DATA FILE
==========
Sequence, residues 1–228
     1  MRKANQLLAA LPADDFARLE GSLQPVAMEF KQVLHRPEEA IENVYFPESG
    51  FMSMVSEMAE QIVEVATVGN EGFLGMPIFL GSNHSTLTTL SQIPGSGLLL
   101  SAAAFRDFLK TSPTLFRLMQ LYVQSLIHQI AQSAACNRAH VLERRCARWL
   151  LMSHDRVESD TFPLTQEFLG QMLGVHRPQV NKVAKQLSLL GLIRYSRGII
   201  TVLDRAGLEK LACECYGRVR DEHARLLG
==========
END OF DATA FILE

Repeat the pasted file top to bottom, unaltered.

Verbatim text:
Sequence, residues 1–228
     1  MRKANQLLAA LPADDFARLE GSLQPVAMEF KQVLHRPEEA IENVYFPESG
    51  FMSMVSEMAE QIVEVATVGN EGFLGMPIFL GSNHSTLTTL SQIPGSGLLL
   101  SAAAFRDFLK TSPTLFRLMQ LYVQSLIHQI AQSAACNRAH VLERRCARWL
   151  LMSHDRVESD TFPLTQEFLG QMLGVHRPQV NKVAKQLSLL GLIRYSRGII
   201  TVLDRAGLEK LACECYGRVR DEHARLLG